On a windy afternoon we sit down with Unnsteinn Jóhannsson and Inga Auðbjörg Kristjánsdóttir over cupcakes and coffee at Unnsteins home in Reykjavík. He is the project manager for the upcoming Peace Þing, which will be held in Harpa concert hall on the 12th – 14th of October. He is also a passionate scout and recently graduated from the Kaospilot programme. He´s been using his knowledge to organize the conference with fellow scout, Inga. She is the project manager for the Peace Camp, which will be held a week before the actual conference. We talked to them about Kaos piloting, being peaceful and the upcoming Peace Þing.
We are still confused, what is Kaospiloting all about?
Unnsteinn: It´s a bit freaky stuff actually. In essence it´s creative project management. We have both finished this course, I ended up there a year after she started.
Inga: The studies are very grounded in reality. There are very few hypothetical projects. In every year you are always working with real clients.
Unnsteinn: The course is divided into four main subjects, leadership training, project design, process design and business design. In leadership training you learn about what kind of a leader you are, what kind of leader you´d like to be, how would you see yourself as a leader and discussing the leadership role in general. The first year is mostly done in group projects.
“Once we even sat for eight hours, just discussing whether to buy coffee”
Inga: It´s about learning to work with a group. You have a very long leash, so you have to find your own ways to make it work. Once we even sat for eight hours, just discussing whether to buy coffee that was organic and fair trade or to buy the coffee that would cost 50 cents less. We discussed this for eight hours in the end, and it was an awful day, but we learned a lot in the process.
Unnsteinn: Project design involves setting up projects, designing the process which the project needs to go through from beginning to end.
Inga: Then there is process design, or process facilitation. Which is about coming into a certain group, and see how all the people inside interconnect and how the communication goes after certain routes. If there are problems we try to find ways with the group to solve those issues on their own. And in the end, the group usually comes up with the same things you would, or even more creative solutions than you might have ever thought of.
Unnsteinn: And the fourth area is business design. It´s mostly social entrepreneurship. It´s about business innovation, but it has to have the third profiteer. You have to profit from it, the customer and also the world, or the environment, or the society. It´s positive capitalism, well capitalism might not be negative for all, but you could call it hippy capitalism.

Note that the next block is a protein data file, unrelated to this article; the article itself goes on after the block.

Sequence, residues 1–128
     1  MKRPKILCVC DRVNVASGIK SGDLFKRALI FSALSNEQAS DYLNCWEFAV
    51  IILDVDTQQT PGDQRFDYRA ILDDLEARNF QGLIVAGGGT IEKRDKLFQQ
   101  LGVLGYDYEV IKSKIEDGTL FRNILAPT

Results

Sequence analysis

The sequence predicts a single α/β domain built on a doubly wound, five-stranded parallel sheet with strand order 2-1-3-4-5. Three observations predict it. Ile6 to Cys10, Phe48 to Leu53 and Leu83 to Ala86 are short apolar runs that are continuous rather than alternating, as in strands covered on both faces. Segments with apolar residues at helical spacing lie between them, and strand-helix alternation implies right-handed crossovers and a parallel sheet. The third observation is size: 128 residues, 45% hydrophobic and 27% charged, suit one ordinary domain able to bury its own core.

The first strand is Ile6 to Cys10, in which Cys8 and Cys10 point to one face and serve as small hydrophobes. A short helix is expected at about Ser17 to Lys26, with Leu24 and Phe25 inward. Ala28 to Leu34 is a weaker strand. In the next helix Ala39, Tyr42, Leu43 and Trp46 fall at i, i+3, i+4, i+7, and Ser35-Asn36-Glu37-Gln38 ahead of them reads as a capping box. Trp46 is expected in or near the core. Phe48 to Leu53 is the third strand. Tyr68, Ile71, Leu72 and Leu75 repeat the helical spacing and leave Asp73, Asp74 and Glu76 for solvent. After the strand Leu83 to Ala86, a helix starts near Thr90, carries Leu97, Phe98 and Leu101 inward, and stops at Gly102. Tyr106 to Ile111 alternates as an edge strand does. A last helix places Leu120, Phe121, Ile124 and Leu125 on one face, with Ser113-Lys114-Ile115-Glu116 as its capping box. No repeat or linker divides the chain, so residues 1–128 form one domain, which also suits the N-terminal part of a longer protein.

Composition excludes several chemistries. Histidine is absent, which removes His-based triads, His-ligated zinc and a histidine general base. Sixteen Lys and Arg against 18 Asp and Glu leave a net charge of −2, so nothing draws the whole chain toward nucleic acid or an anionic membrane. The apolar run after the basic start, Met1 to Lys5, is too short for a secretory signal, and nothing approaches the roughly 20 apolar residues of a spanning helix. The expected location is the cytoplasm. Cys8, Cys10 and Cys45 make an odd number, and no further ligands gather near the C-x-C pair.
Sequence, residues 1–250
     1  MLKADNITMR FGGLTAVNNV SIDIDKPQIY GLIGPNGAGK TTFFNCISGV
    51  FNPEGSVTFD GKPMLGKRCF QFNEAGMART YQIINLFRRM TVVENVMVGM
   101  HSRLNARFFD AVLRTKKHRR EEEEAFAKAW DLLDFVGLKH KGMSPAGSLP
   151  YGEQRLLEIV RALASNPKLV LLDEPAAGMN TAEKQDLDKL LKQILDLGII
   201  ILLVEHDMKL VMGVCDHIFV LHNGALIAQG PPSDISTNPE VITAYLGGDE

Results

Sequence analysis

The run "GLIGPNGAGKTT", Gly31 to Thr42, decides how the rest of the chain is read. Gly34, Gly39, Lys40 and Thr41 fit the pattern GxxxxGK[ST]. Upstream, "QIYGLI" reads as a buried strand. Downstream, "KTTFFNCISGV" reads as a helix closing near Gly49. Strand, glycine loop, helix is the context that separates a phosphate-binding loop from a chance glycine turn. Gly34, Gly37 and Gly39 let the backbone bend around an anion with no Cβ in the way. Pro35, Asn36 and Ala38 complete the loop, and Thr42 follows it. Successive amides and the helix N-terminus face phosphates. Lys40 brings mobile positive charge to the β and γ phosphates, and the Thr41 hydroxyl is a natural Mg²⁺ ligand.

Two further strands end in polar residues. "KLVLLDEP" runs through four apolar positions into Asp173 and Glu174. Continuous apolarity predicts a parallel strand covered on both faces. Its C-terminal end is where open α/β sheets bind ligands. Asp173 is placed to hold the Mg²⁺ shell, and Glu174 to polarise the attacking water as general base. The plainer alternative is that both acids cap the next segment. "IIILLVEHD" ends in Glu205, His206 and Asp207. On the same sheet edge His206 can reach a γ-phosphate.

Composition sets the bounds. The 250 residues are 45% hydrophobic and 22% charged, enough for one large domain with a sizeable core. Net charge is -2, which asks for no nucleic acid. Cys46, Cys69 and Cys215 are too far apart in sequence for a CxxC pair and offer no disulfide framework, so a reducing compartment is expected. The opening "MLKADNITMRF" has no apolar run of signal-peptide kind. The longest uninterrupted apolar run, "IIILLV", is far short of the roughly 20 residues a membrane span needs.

What kind of people are attracted to this course?
Inga: The students come from all walks of life, from total hippies to strong headed capitalists. It´s a very broad group that finds these studies interesting. The main thing in common is that people are very creative, and willing to jump into this course where you won’t get an official degree, only an diploma and it´s expensive since it´s private education. Still it´s not a massive risk, or at least it doesn’t seem to leave students in a risky situation after graduating. Around 97% of graduated Kaos pilots have jobs.
Unnsteinn: I don’t know how many percent are working in their dream jobs but many are working from their final projects. Mine revolved around Peace Þing, I wasn’t very excited with it at first, but then all these signs started popping up. So I thought I’d give it a chance and it just grew on its own and it´s my full time job at the moment. Many of the final projects turned into viable businesses. In some cases two or three people would start a school project together and I know about few businesses that are still going strong.
Inga: For example two guys from my class had a mission to become famous with their band, Reptiles and Retards. And they did! They have been playing all over, they came to the Icelandic Airwaves for example. That was their project from their beginning. So they used the knowledge from their studies in their pursuit of fame and they’ve done really well!
So where did the idea about Peace Þing come from?
Inga: Bragi Björnsson, Chief Scout, got this idea that we should have a Peace conference in honour of the 100 year anniversary of the Icelandic scouts in November. The scouts have been celebrating this anniversary throughout the year, for example we had hosted events at the Reykjavík Cultural Night in August and had a massive scout gathering during the summer at Úlfljótsvatn. In the beginning it was supposed to be a cute little conference but it has just grown on it´s own.
In the end I started working for the committee that organized it, and as staff, I started to convince Unnsteinn to do his final project about this. That was a year ago. Since then I’ve been working on other projects, but just haven’t been able to let this one go. And now we are working towards making this a fantastic event in Harpa, on the 12th to the 14th of October. We are very happy that the Messengers of Peace program within the international Scout movement is helping us fund this event. There will be 25 lecturers from Iceland and abroad, five workshops and before the conference there will be the Peace Camp. There we will gather young people at the ages 16 – 25 from various different countries.